Freeform Circling Spray Scene
Free – A spray of champagne spiraling around a champagne flute.
This scene demonstrates how simple math expressions can be used to create special effects (VFX). Typically, the purpose of a animated spray of wine or glitter is to draw attention to your product posed in the middle of the scene. (If you want to use this scene for personal or commercial purposes, simply replace the champagne flute with your own objects.)
The scene uses three simple expressions that are applied to the spray emitter. A sin and a cosine expression are applied to the position of the emitter to cause it to rotate around an invisible “helper” object at the center of the scene. A third expression is applied to the rotation of the emitter so that it always points toward the champagne flute. A fourth expression is applied to the invisible helper object and tells it to lift from the bottom to the top of the champagne flute.
Expressions make the task of automating a special effect very simple and easy. But their real utility is that you can easily change parameters of the special effect with just a simple change to one of the values of the expressions. For example, you can change the number of rotations around the flute, speed up or slow down the spiraling liquid, move the spiraling liquid in closer to the object, or change the trajectory to form a spiral that is larger at the bottom and smaller at the top.
You can change the nature of the emitter so that the freeform droplets are replaced by larger amounts of liquid or liquid circles and you can change the material applied to the spiraling liquid.
Please use the magnifying glass icon to expand and view the several images here. Also take a look at the attached video to see the actual animation.
The Freeform Circling Spray Scene creates an upward spiraling spray of champagne droplets around a static champagne flute.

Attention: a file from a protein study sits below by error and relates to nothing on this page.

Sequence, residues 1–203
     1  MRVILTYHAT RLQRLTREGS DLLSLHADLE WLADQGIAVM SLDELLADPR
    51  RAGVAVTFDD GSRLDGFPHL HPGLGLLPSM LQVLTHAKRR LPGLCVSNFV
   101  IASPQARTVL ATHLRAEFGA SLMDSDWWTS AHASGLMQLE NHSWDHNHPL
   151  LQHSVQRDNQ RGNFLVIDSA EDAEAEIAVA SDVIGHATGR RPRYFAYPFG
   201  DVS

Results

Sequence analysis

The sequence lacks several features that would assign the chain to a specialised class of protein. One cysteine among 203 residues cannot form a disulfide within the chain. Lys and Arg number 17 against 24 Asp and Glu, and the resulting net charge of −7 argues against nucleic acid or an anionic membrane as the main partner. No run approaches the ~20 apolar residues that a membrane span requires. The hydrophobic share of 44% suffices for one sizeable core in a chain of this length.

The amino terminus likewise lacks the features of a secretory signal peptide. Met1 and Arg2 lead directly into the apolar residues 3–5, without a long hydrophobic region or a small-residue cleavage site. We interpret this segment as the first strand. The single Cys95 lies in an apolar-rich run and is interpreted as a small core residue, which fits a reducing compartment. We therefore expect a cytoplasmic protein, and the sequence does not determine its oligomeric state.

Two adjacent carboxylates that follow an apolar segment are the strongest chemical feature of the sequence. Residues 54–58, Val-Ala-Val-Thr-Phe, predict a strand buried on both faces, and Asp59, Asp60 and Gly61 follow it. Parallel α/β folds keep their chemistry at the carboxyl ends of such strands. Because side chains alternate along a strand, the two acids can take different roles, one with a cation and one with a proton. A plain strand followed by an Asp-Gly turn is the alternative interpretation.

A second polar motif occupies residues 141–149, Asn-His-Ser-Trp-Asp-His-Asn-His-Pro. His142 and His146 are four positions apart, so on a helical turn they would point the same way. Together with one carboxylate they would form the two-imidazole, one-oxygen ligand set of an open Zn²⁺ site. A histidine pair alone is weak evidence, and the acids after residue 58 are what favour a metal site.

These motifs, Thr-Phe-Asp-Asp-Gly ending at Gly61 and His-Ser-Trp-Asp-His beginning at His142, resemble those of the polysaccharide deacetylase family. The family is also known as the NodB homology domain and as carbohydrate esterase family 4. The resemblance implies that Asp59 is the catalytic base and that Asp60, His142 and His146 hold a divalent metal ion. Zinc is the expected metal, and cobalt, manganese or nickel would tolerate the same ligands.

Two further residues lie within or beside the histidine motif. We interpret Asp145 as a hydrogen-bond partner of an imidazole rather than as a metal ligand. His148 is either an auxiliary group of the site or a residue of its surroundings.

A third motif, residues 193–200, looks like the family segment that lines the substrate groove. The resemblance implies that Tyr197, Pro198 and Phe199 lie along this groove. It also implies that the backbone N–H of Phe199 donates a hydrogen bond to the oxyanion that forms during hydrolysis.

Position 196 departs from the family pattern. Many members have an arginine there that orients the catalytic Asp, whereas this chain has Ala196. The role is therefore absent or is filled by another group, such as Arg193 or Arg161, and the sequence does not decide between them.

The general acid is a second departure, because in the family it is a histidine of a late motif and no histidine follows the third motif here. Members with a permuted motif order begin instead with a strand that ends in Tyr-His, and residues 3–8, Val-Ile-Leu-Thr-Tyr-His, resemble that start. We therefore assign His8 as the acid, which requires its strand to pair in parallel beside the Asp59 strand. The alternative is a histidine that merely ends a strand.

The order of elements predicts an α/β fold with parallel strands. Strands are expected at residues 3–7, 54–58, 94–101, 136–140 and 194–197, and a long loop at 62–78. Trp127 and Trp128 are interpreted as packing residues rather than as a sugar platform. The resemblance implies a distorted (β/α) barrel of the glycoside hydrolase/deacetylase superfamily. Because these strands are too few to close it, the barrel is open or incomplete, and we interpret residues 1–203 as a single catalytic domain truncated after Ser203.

The scene has a single line (linear) emitter that is positioned about four units away from the central champagne glass. A sin and a cosine expression are used for the Position X and the Position Z values to rotate the emitter around the champagne flute in a flat plane.
A simple keyed animation curve for the Emitter’s X Rotation value directs the spray toward the center of the scene, regardless of the position of the emitter.
The Emitter’s Y Position value has a simple expression that link’s the Y value to the value of a Helper object – a Null Object in the scene. When the Helper object is moved from the bottom of the champagne flute to the top during the animation, the revolving emitter also rises.
The result is that the emitter sprays champagne drops in an upward revolving motion during the length of the animation.
The scene is “commented.” Colored panels in the Realflow Relationship Editor explain the purposes of each elements of the scene. The comment paneles also show the math expressions applied to the position and rotation of the emitter and to the helper object. (Shown in one of the images above.)
Use of some simple expressions in combination with some simple animation curves allows you to create a scene capable of generating many different kinds of special effects.
Two of the image above show how simple changes in the Type of Emitter can create unique effects, while leaving the underlying expressions and animation curves in place.
More complicated expressions can be subsituted for those used here. For example, an Archimedian Spiral (outward or inward curving spiral) could be used in place of the simple sin and cosine expressions. A randomization function could be used. The single emitter could be cloned to create multiple weaving and intersecting spirals.
Preview-quality animation snippet
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